More frozen-in-time blackboards from 1917 have been found at Emerson High School in Oklahoma City. While the students were home for winter break, workers pulling old blackboards and corkboards from the wall of a classroom on the third floor discovered slate blackboards with the lessons still fresh as the day Miss Walker first chalked them for classes 7A and 7B on December 10th, 1917.
Of particular historical significance is a map of Indian Territory, modern-day eastern Oklahoma, marking the tribal boundaries and capitals. This is historically significant because the state of Oklahoma was formed by combining the Oklahoma Territory in the west with the Indian Territory in the east. While this had been Congress’ plan since the 1890 passage of the Oklahoma Organic Act, the people of the Indian Territory resisted being forced into a state with their land-grabbing neighbors to the west. As late as 1905 Indian Territory attempted to join the Union as its own state, the State of Sequoyah, but were refused. Instead President Roosevelt encouraged passage of the Oklahoma Enabling Act in 1906 which allowed delegates from both territories to come together for a state constitutional convention with a view to creating a single state. The combined Oklahoma and Indian Territories officially became the State of Oklahoma in November of 1907. That’s just 10 years before the teacher drew that map on the chalkboard. It was practically current events. Of interest to me is that my mom's dad was born in "Indian Territory" in 1898, so now I know a bit more about the political status at that time, thanks to a lesson from 1917. The blackboard never stops teaching!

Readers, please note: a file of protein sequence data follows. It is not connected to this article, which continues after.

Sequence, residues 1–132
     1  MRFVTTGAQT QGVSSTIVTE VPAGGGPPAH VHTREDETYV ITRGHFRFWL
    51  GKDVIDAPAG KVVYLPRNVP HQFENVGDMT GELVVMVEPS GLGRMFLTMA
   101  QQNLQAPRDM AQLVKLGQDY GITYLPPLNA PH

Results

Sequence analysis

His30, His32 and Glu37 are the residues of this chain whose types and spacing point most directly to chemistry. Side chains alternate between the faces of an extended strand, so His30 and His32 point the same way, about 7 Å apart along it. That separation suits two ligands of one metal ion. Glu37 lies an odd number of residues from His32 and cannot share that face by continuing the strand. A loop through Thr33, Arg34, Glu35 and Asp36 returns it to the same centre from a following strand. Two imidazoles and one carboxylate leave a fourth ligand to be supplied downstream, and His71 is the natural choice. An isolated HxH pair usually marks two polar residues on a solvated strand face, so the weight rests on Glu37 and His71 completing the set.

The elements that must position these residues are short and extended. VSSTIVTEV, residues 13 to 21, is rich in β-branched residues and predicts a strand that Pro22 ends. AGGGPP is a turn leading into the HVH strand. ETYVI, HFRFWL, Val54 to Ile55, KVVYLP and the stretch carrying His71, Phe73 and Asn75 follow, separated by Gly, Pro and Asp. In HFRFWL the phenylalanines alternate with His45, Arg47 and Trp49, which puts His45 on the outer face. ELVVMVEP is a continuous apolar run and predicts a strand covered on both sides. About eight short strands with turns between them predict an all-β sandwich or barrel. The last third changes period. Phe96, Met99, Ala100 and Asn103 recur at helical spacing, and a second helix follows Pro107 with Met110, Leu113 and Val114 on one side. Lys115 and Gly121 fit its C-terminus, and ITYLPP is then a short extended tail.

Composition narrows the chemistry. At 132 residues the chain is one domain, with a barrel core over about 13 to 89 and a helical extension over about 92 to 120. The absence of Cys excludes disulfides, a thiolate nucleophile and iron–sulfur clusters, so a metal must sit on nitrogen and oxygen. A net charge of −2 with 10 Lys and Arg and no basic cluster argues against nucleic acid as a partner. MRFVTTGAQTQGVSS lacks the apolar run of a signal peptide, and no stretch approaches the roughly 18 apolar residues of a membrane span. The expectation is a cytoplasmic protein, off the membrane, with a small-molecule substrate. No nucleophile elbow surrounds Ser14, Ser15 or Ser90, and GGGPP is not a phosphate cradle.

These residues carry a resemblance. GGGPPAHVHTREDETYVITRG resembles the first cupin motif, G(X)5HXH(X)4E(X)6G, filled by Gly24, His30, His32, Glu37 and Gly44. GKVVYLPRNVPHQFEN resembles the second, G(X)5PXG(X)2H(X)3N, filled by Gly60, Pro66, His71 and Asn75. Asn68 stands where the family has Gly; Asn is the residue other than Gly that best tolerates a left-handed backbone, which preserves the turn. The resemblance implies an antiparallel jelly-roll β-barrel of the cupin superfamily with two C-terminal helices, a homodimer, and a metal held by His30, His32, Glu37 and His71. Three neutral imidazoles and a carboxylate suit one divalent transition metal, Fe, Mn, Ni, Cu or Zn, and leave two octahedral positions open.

Imagine someone drawing such a beautiful picture on a modern blackboard today!
The first group of historic chalkboards was discovered last June in four classrooms on the second floor that were having their old blackboards replaced with whiteboards and smart boards. Underneath the blackboards were thin slate boards covered in math, music and handwriting lessons, hygiene tips, student names and brilliantly colored chalk drawings dated November 30th and December 4th, 1917.
It seems when the old slate boards were covered with new ones over a couple of weeks in late November, early December of 1917, several teachers decided to leave their work up, dating it and signing it for posterity.
Note two things below. First, the writing is in cursive, which is mostly not taught in public schools anymore, so a modern student might not be able to read it. Second, the math problem at the left will soon be mysterious to the modern student once Common Core takes hold. The stupidification of our nation continues.
The sign below is making the rounds of the internet, and although I'm not certain it's genuine, one can easily imagine it being so, given the state of our nation today. It's too bad we can't go back to the era when education expected something from the students, and the students wanted to learn.